1.    Liquidity

Another benefit of buying bonds is the daily liquidity and flexibility they add to your portfolio. Remember March 2020, when U.S. equities (as measured by the S&P 500 Index) fell by over 30%? Had your money been in a non-redeemable GIC, you wouldn’t have been able to rebalance your portfolio and take advantage of the buying opportunity in stocks. Investors holding bonds, on the other hand, would have been able to rebalance their portfolios, using their bond allocation as a source of funding.

2.     Upside potential

The chart below looks at the last 41 years. To summarize:

•  Canadian bond returns were higher than one-year GICs in 34 of the last 41 years, representing 83% of the time.

•  Bonds had negative returns in only five of the last 41 years: 1994, 1999, 2013, 2021 and 2022.

•  Bonds rebounded in the years following negative returns, earning more than double the return of GICs in 1995, 2000, 2014 and 2023.


Why did bonds significantly outperform GICs during the years following negative bond year returns?

Remember the inverse relationship between prevailing yields and bond prices described earlier? The U.S. Federal Reserve (the Fed) increased interest rates by 2.5%, or 250 bps, in 1994, causing downward pressure on bond prices; hence the negative return, causing bond prices to trade below par. In 1995, interest rates were effectively unchanged, which was positive for bonds.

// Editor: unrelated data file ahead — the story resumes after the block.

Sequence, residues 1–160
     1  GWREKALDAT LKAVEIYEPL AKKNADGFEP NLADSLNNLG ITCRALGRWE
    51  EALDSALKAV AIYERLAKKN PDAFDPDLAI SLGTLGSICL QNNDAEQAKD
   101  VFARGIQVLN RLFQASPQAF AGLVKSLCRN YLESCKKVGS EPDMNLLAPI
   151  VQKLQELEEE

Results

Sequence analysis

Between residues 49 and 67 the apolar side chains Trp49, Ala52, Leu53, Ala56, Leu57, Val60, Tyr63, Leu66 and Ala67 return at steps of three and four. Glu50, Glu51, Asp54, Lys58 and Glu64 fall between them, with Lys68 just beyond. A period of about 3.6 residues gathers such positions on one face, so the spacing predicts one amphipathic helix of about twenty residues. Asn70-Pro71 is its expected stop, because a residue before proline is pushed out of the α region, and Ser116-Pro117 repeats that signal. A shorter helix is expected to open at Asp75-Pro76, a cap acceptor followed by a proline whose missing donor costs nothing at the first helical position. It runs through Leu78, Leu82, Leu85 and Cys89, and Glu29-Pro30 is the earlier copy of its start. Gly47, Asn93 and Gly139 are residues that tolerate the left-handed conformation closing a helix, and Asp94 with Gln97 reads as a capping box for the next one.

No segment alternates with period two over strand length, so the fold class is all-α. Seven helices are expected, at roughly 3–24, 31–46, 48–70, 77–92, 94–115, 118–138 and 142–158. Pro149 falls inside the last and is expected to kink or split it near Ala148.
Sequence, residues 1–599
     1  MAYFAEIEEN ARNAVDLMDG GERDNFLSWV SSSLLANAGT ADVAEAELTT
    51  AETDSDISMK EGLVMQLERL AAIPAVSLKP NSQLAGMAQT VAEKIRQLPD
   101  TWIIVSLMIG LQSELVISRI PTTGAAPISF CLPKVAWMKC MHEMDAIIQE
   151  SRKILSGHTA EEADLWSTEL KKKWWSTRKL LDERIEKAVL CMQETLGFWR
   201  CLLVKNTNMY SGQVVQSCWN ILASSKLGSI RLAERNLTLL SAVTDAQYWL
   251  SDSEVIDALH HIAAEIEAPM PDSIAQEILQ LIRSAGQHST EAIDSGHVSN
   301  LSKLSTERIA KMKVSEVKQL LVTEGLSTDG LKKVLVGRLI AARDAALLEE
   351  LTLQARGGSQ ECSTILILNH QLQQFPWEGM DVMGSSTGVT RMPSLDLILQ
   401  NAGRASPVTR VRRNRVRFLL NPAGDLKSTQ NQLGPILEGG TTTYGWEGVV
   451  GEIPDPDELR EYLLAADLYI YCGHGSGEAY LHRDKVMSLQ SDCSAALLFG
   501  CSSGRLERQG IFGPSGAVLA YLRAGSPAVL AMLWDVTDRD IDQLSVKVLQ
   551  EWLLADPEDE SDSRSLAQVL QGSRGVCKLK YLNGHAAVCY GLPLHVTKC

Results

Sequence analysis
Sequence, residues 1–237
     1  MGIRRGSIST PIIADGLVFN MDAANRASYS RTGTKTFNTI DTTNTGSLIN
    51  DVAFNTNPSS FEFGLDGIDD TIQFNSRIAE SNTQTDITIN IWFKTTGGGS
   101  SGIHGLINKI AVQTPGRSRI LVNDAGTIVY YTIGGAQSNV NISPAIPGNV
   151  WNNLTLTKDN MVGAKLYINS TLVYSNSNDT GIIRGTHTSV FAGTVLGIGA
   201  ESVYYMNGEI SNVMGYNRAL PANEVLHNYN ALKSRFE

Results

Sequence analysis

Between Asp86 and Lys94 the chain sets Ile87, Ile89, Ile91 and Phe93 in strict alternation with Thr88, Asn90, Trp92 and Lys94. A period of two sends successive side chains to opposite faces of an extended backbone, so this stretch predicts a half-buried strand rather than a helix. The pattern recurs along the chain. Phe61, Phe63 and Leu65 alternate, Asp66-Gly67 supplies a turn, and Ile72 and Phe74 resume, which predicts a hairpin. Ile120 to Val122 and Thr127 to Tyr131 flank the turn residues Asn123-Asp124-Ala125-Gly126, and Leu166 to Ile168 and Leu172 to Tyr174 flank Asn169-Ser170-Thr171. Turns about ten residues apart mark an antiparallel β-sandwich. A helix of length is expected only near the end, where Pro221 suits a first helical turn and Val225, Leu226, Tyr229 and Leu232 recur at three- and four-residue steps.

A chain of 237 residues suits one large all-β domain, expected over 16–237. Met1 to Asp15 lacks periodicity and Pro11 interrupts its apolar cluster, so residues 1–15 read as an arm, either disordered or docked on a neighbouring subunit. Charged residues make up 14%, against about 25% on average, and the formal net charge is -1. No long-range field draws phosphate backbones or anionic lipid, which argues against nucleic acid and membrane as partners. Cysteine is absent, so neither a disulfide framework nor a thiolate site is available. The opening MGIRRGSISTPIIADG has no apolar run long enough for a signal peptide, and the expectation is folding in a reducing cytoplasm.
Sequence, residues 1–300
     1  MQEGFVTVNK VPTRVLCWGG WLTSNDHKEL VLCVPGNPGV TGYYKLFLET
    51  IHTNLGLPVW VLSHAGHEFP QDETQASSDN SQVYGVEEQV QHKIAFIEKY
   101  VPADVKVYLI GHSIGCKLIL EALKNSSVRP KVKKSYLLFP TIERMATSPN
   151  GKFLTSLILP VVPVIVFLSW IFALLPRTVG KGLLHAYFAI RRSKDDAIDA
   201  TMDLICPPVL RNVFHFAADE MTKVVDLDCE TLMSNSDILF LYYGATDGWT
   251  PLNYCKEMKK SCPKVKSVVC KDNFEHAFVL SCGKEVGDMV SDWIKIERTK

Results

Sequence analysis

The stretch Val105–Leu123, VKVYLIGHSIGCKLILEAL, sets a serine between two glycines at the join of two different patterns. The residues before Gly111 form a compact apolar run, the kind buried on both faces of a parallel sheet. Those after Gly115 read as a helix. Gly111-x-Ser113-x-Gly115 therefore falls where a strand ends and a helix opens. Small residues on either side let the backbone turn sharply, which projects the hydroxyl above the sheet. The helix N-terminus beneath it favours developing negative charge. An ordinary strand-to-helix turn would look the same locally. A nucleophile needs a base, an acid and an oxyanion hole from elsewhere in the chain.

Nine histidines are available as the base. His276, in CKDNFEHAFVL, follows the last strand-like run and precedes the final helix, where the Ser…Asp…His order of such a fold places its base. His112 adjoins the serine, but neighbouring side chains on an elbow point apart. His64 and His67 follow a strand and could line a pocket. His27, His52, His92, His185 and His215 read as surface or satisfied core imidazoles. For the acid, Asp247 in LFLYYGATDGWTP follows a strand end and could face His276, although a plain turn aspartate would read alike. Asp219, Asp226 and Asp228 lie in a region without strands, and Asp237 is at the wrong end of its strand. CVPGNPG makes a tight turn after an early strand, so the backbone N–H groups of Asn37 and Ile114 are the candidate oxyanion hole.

What history also tells us is that over 41 years, Canadian investment-grade bonds, as represented by the FTSE Canada Universe Bond Index, earned on average 7.42% per year. During that time, the average one-year mortgage rate was 6.50%, and the average one-year GIC rate was 3.86%. Looking into 2024, you should expect to earn roughly 5.00% (pretax) for a one-year GIC (according to ratehub.ca) and pay over 7.50% for a one-year mortgage (according to the Bank of Canada). The only uncertainty is what you will earn on your bond portfolio. However, given most rate hikes are now behind us (the Fed hiked interest rates by 525 bps in 2022–2023), it is likely bonds will perform more normally. Based on 41-year averages, this could be higher than both the current GIC and one-year mortgage rates.

Over 41 Years, Canadian bonds outperformed 1-Year GIC's 83% of the time.